Poorer Army Leavers Most at Risk of Stress, Study Says; PLAID MP WANTS MENTAL HEALTH CHECKS ON ALL LEAVING THE FORCES

Western Mail (Cardiff, Wales), October 28, 2013 | Go to article overview

Poorer Army Leavers Most at Risk of Stress, Study Says; PLAID MP WANTS MENTAL HEALTH CHECKS ON ALL LEAVING THE FORCES


Byline: DAVID WILLIAMSON Political Editor david.williamson@walesonline.co.uk

PLAID Cymru parliamentary leader Elfyn Llwyd has called for everyone leaving the Armed Forces to be vetted for mental health problems, following the disturbing findings of a major report published today.

The Dwyfor Meirionnydd MP wants mental health issues identified as soon as possible so "catastrophic consequences" can be avoided.

Today's report from Forces Watch claims that young soldiers from disadvantaged backgrounds are more likely to suffer from mental health problems.

It found that younger recruits were significantly more likely than older personnel to suffer post-traumatic stress disorder (PTSD); to drink at levels harmful to health; and to behave violently on their return from war.

The report calls for the minimum age of recruitment to be raised to 18, to avoid exposing the youngest soldiers to the most trauma.

The Fellowship of Reconciliation has previously petitioned the National Assembly to urge the Welsh Government to "recommend that the Armed Forces should not go into schools to recruit".

The Forces Watch report claims 8% of Iraq war veterans who enlisted without GCSEs suffered with PTSD after their deployment, compared with 4% in the Armed Forces as a whole and 3% in the general population.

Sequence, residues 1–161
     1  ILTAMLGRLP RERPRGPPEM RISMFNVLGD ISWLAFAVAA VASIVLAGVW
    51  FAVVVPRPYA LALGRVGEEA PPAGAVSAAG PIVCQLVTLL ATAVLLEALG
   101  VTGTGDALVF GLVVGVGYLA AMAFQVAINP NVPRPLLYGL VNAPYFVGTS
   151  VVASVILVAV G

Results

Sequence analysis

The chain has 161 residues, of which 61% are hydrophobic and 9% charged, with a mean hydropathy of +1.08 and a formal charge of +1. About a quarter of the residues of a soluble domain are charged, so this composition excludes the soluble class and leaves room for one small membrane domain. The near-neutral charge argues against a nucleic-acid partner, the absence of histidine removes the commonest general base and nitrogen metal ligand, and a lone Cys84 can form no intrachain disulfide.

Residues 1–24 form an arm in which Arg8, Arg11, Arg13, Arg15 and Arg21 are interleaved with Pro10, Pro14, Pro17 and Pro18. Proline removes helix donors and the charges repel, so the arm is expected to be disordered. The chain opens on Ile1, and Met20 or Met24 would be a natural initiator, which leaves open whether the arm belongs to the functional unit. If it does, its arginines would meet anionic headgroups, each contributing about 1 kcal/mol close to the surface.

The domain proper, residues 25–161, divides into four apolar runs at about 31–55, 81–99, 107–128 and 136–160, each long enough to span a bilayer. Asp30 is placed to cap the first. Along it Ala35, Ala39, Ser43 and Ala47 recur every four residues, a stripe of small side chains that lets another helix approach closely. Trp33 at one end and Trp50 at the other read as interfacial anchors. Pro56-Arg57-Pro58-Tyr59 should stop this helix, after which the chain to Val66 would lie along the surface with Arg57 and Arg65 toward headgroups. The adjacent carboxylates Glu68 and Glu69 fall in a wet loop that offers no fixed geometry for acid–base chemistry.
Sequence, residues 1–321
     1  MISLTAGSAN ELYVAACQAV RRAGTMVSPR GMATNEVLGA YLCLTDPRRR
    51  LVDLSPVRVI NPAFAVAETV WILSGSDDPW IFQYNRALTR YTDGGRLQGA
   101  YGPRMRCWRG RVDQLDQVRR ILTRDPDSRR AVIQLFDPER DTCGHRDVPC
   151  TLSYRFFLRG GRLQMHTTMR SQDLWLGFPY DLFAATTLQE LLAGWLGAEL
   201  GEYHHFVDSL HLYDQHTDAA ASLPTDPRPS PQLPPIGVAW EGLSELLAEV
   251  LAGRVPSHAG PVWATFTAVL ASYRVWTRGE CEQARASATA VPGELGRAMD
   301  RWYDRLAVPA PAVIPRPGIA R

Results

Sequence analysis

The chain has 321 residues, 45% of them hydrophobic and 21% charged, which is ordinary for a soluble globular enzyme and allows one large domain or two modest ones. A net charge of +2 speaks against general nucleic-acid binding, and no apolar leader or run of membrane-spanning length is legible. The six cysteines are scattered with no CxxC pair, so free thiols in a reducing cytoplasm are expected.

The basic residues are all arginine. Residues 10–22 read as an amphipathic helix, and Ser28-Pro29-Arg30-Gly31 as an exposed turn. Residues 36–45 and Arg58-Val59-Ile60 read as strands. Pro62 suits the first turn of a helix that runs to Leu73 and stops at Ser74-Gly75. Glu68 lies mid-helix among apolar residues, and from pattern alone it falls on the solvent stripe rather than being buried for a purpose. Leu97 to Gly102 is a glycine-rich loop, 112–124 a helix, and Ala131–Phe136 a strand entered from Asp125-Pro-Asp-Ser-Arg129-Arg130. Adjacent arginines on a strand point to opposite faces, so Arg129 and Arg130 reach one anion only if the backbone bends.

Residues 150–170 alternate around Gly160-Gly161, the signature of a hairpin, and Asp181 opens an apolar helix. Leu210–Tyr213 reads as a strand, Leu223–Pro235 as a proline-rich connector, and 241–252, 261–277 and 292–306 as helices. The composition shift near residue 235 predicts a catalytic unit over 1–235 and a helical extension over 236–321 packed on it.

According to the report, 26% of personnel aged 18-24 were found to be drinking at harmful levels - which, it said, was twice the 13% average for the Armed Forces and more than three times the 8% rate found among civilians of similar age.

It also found that 24% of Iraq war veterans in the lowest ranks - typically the youngest - reported behaving violently in the weeks after coming home. This compared to an average of 13% across the Armed Forces.

It says that recruits who enlist at 16 or 17, who are deployable to war as soon as they turn 18, are channelled disproportionately into the infantry, and that in the last five years the infantry received nearly a third (32%) of all new recruits under 18, despite accounting for just 14% of the Armed Forces.

The report claims that over the past 20 years, the suicide rate has been 82% higher among male soldiers under 20 than in civilian men of the same age, and that between 1996 and 2005 the suicide rate among former Armed Forces personnel under 20 was nearly three times as high as the same age group in the general population.

Mr Llwyd said: "The findings of this report are very disturbing but not surprising. The incidence of post-war mental health problems is many times greater than the MoD is prepared to admit and it is now high time that we highlighted the true nature and extent of the panoply of mental health issues affecting troops returning from warfare. …

The rest of this article is only available to active members of Questia

Already a member? Log in now.

Notes for this article

Add a new note